Teresita Hernandez-Quesada is a Book Designer here at FriesenPress, but to many of us she's actually a magician. The designs she pulls out of thin air are truly astounding. It's not uncommon for her computer screen to double as a tractor beam, pulling in unsuspecting passers-by with a beautiful cover.
When she's not bringing our authors' visions to life, Teresita is camping, reading, making art, and watching movies with her kids.
I was born in Havana, Cuba.
You’ve created so many fantastic covers for our authors, spanning virtually every genre there is. Is there a particular genre or book type that’s the most fun for you to work on?
I enjoy all genres, but definitely the most fun are photography, cooking, juvenile fiction and fantasy books.
Best part of your day?
First thing in the morning. The office is quiet, and I've just sat down with a cup of coffee.
What’s the most rewarding aspect of your role here at FriesenPress?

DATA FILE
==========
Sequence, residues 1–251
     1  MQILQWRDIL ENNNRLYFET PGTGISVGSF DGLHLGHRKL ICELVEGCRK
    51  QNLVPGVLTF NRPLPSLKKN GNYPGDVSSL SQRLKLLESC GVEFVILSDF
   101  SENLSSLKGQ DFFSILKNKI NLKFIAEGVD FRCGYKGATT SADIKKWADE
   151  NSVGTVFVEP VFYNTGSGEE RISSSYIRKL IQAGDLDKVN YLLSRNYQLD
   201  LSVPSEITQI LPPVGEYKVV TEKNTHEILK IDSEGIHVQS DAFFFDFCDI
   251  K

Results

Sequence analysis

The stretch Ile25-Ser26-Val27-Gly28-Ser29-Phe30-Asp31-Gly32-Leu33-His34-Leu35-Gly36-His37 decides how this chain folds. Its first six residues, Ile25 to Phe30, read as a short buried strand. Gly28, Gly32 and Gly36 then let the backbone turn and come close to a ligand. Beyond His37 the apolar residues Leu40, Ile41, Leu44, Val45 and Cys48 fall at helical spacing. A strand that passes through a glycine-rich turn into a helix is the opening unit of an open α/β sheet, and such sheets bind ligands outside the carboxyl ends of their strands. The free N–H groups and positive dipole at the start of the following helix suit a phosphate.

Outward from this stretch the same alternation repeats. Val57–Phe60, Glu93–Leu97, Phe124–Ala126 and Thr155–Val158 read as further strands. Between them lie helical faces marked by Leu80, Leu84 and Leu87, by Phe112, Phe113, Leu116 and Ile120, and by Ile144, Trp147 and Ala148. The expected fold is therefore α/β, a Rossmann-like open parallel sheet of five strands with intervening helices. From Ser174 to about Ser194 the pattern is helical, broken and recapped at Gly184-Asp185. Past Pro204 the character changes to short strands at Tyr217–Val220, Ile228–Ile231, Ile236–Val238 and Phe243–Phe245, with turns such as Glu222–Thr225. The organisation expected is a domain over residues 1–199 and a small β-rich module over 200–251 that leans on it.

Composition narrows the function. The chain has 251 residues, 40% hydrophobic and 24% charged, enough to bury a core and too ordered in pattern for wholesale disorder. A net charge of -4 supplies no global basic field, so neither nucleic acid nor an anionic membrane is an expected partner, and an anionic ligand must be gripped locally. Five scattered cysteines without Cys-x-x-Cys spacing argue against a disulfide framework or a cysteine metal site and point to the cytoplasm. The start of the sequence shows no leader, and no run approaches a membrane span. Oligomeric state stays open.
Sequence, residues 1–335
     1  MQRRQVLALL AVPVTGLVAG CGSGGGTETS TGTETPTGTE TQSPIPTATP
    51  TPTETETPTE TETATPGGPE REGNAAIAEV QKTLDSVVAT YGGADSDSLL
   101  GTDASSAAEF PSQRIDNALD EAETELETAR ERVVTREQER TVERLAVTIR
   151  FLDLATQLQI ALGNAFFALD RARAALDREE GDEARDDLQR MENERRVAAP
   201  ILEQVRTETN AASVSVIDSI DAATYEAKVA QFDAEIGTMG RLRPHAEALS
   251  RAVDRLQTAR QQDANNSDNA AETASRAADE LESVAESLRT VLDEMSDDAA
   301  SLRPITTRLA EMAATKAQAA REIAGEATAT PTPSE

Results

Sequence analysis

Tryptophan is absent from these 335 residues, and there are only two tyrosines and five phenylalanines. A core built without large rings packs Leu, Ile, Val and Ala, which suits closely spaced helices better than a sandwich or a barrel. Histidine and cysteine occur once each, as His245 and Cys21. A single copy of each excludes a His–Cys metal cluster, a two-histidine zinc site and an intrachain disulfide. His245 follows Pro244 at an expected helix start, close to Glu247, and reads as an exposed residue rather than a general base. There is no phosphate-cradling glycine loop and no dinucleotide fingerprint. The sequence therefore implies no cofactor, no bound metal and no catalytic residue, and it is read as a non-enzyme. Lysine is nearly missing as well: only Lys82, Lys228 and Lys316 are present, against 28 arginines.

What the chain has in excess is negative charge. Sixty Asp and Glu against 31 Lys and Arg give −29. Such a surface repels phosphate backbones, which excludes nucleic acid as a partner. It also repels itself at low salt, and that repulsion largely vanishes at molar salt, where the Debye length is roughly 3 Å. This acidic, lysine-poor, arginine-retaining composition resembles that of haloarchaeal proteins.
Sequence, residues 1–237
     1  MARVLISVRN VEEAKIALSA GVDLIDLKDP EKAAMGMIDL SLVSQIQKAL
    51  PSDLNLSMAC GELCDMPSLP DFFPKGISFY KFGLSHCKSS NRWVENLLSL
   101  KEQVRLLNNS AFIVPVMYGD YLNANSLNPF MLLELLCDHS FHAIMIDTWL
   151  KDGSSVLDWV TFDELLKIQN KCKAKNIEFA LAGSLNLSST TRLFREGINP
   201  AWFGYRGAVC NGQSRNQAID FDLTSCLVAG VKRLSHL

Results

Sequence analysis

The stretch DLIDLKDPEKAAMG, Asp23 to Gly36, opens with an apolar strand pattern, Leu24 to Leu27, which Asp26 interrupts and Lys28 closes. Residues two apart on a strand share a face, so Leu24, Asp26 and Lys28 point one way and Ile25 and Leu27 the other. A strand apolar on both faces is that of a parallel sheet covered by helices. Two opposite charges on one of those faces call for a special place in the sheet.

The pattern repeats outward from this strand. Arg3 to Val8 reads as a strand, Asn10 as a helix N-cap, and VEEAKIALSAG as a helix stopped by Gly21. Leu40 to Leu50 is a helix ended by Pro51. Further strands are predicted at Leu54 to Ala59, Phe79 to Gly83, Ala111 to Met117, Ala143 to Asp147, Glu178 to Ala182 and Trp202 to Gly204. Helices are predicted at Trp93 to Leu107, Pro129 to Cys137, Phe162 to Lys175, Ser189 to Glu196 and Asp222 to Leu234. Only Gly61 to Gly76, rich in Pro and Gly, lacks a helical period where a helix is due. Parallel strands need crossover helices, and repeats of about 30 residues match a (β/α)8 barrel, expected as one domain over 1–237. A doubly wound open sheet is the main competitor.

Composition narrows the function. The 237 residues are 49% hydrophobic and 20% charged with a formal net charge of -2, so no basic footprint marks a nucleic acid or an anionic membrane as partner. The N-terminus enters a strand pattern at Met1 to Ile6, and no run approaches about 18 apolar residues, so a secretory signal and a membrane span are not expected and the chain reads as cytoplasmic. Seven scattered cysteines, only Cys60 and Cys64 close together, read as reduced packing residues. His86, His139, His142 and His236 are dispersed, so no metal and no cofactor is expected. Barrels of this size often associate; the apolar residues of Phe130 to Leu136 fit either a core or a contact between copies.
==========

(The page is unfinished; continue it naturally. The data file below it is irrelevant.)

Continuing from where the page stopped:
The creative part! A close second is whenever an author is happy and satisfied by the cover and layout I create for their book.
Tell us the best book you’ve read in the last year.
The English version of The Catcher in the Rye. I read the Spanish version 20 years ago.
What are some memorable books you’ve helped our authors publish?
- You’ve got another full-time job - Mom! Do your little ones know that Mom designs books for a living? What do they think about that?
My little ones are 2 and 3. They still have so many things to learn - including, for instance, what designing a book means. But we definitely share our passions together, like story time and arts & crafts. Maybe one day they'll become graphic artists or writers!
- Finally, do you have any Book Design tips or advice that you wish more authors knew about?
I will say that a good quality image can make a huge improvement on any project. Whether it is high quality in terms of resolution/colour/brightness/contrast, or an artistic and inspiring image, they can really make your book to stand out. Finding the prefect image to enhance a project really can make a difference